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What is
The Canadian Library?


What are
Micro Galleries?

Indigenous Fabric and Scrunchies Jan 2021 5 of 33.jpg

Micro Galleries, Everywhere!

The Canadian Library project is a community-engaged installation of over 8,000 hard-cover books, which will be individually covered in Indigenous-inspired fabric, and arranged on bookshelves. The names of lives lost, printed in gold letters, are placed on the spines of these books to individually respect and honour the thousands of Murdered and Missing Indigenous Women, Girls and children.


TCL hopes that the visual representation of the books covered in glorious Indigenous fabrics and the names of those lost, printed on the spines of the books, will evoke a sense of empathy, understanding and desire to see change.


TCL has, and continues, to consult and collaborate, with a great number of friends from various Indigenous communities, as they guide TCL on necessary and respectful steps to take along this journey. As allies and co-resistors, coming together to support our Indigenous families, TCL hopes to build mutual consent and trust, and to continue support in ways that are meaningful.


The First Micro Gallery

As the project was trying to get off the ground, with the little funds that were collected amongst a small team of women, an initial bookcase was needed to house the covered books. A tall Billy bookcase for sale was found on Facebook Marketplace. The owner was kind enough to deliver it to TCL’s makeshift office and in the process of ‘chit-chat’ and understanding the purpose of the bookcase and the aim of the project, the owner shared her story.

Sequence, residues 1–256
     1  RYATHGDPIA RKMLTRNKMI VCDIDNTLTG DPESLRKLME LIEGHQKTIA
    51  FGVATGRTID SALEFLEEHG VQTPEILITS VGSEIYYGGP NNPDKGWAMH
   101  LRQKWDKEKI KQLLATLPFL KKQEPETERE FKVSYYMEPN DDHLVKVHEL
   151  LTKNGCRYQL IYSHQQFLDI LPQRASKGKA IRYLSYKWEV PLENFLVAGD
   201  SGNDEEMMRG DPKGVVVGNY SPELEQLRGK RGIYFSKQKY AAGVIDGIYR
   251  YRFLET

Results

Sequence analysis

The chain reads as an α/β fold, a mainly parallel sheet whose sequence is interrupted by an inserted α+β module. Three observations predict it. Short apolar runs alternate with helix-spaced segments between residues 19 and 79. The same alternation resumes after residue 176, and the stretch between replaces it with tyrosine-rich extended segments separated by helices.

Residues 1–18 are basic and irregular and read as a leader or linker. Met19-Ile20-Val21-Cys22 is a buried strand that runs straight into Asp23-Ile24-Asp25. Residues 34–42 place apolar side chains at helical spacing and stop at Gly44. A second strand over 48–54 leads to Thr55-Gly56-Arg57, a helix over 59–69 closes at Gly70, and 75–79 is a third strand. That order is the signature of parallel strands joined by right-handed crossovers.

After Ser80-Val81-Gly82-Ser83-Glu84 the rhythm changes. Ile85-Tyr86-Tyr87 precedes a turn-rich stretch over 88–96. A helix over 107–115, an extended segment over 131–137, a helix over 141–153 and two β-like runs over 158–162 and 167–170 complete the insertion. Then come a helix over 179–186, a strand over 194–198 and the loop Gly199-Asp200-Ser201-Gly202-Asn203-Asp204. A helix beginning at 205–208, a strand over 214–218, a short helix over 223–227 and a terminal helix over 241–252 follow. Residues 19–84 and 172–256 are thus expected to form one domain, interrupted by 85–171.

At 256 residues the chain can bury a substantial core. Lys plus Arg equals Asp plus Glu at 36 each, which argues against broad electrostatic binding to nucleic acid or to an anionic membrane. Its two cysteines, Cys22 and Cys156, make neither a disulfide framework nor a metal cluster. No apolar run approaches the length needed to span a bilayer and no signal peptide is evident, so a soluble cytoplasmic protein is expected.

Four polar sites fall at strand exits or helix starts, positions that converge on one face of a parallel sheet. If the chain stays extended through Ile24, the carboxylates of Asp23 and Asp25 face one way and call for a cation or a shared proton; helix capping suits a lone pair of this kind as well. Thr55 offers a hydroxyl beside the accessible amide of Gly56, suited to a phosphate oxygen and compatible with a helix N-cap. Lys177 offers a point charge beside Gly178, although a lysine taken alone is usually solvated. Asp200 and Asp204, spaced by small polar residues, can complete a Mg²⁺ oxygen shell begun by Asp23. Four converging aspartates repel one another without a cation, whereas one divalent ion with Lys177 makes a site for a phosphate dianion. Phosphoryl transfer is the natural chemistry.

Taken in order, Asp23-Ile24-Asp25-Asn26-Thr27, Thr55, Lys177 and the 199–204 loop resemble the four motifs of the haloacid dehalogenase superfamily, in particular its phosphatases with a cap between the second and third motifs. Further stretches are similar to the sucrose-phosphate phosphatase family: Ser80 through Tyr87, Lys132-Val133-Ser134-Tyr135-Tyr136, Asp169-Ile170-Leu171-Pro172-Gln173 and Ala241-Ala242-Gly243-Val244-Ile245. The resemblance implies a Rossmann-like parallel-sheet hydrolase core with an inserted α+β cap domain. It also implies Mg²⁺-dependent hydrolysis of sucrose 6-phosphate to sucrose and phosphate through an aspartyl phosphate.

She is the daughter of a residential school survivor. TCL felt so blessed that the first donation of a bookcase was from the daughter of a residential school survivor. Her mother is a survivor of the Shingwauk Residential School and to have her kick off this journey was very powerful.

The team at TCL also discovered profound beauty in the culture of Indigenous peoples. The art, designs and colours that we have been exposed to, through the fabrics, are breathtaking, which have been purchased through Indigenous businesses.


What started as a few like-minded women wanting to help educate each other, through humility and respect, on the past and present state of affairs surrounding Indigenous families, has led TCL to create a beautiful living memorial and an educational tool to help settlers learn.

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